Should city school board be elected?

Several activists and legislators will seek passage of a bill in the General Assembly this year, as in several recent sessions, to convert the Baltimore school board from one appointed jointly by the mayor and governor to a partially or totally elected board.

The impulse behind the proposal, especially in the city, is understandable. City schools are perceived as so monumentally ineffective that any way to shake up the system seems worth a try. Why not put the community directly and democratically in control? What's there to lose?


A lot, if the board were elected. Such a reform is hardly revolutionary. More than 90 percent of the 15,000 boards across the country, and 17 of 24 boards in Maryland, are elected.

Yet, there is no evidence that they are more effective than appointed boards. If anything, based on a large body of experience, they are less effective, particularly in big-city districts. In theory, elected boards enfranchise parents, especially minorities; increase accountability; and isolate schools from political influences. However, in practice, parents turn out to vote in low numbers, teachers' unions tend to dominate, and elected members engage frequently in overtly political conduct.


As summarized by University of Memphis researcher Thomas E. Glass in a paper titled "Is It Time for Elected School Boards to Disappear?" elected urban board members by and large "are not accountable to the public, seemingly possess modest skills, are very conflict-prone [and] politicized and demonstrate they often cannot work successfully in tandem with superintendents."

In recent years, elected boards have been replaced by appointed boards under mayoral control in urban districts such as Chicago, Cleveland, Boston and Philadelphia, with generally positive results.

To be sure, appointed school boards are no panacea. The complex, deep-rooted problems of urban schools are not easily solvable no matter who governs them. The best appointed boards, whether more or less elite in composition, have built-in limits.

I am privileged to serve on the city board, which works extremely hard and cohesively and has contributed to the steady progress of our schools. Yet we, like our counterparts nationwide, are almost invariably volunteers with full-time jobs and therefore struggle to command sufficient information and to squeeze in enough time.

Moreover, accountability is still divided between big-city boards and the appointing authority, usually the mayor. So here's an unconventional idea: Abolish big-city school boards entirely. Hold mayors as directly accountable for schools as for police, fire, public works, housing and other major municipal functions.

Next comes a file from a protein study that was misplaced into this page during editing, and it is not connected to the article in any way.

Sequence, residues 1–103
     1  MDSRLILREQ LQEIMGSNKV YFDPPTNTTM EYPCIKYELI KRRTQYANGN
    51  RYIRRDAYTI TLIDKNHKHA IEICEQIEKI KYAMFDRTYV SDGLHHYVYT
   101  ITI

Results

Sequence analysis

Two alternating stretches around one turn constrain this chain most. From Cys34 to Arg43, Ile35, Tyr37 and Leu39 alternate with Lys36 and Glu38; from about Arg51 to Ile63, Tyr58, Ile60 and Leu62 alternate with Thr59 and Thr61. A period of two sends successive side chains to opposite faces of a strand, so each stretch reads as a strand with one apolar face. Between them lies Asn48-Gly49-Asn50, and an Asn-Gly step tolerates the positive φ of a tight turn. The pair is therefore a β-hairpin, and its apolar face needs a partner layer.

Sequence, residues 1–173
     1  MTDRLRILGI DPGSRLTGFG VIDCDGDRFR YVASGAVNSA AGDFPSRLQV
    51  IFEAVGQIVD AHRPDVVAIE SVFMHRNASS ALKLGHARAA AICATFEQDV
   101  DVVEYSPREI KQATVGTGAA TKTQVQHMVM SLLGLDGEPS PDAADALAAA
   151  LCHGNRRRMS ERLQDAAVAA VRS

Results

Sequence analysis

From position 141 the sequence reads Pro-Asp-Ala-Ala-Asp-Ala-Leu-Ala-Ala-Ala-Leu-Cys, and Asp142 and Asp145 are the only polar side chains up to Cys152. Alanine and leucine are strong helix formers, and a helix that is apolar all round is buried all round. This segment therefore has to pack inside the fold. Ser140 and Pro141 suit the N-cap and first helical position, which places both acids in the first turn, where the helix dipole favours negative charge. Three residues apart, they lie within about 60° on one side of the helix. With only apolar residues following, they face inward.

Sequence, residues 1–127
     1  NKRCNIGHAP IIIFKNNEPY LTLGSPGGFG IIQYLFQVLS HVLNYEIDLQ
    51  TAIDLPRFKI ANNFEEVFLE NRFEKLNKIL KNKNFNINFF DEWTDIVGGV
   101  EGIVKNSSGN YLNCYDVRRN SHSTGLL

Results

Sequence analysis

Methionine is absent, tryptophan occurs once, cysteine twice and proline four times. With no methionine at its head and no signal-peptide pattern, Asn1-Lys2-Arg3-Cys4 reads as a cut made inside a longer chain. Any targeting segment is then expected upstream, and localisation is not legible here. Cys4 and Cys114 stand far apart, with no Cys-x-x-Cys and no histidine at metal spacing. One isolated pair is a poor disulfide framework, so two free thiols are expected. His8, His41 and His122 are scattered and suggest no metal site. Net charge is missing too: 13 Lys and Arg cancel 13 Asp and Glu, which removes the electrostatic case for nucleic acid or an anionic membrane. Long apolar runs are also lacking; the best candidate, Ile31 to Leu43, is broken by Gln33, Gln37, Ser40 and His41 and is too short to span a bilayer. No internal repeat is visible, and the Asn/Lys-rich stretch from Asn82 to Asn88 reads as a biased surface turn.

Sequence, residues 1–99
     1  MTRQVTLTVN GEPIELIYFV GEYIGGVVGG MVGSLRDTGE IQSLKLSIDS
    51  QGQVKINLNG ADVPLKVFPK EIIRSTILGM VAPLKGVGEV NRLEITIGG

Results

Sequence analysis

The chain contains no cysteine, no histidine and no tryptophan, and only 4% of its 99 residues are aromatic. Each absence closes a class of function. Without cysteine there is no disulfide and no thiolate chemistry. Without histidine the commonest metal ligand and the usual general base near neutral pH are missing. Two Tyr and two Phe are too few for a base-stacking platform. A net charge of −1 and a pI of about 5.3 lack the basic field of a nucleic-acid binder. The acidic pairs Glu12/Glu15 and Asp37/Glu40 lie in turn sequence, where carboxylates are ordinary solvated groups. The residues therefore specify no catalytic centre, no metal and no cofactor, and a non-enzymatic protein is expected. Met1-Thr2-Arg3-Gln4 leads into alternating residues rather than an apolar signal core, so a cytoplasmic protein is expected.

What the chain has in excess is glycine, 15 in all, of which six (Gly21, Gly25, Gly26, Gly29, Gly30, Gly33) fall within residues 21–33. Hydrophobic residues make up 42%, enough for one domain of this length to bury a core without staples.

As discussed in a recent series of articles in the Harvard Educational Review on "Mayoral Takeovers in Education," more city hall control is not a miracle drug either. But some advantages seem apparent.

Mayors, knowing that voters can hold them directly responsible for school progress, will be more prone to provide essential management assistance such as finance and building operations. They will be more likely to address the linkage between school success and parental and community involvement by pouring health, mental health, recreation and other services for children and families into true "community schools." Mayors are also better positioned to mount the bully pulpit and lobby for state and federal aid and corporate and foundation funding.

The only major city where the board has been abolished is New York. Mayor Michael R. Bloomberg fought hard to gain sole control and has earned high marks so far for what was viewed as a controversial power-grab. But school boards, elected or appointed, remain entrenched, cherished symbols of "local control" of schools (even though such control is now largely illusory because of state and federal laws and regulations). Because of this, mayoral takeovers are not likely to spread in the near future; recent attempts in Los Angeles and Washington have not succeeded.


In any event, the merits of mayoral accountability should be kept in mind when the General Assembly considers legislation on elected boards. Lawmakers should pay heed to how Murphy's law might apply to urban schools: No matter how bad things may seem, elected school boards would almost surely make them worse.

Kalman R. Hettleman is a member of the Baltimore school board. His e-mail is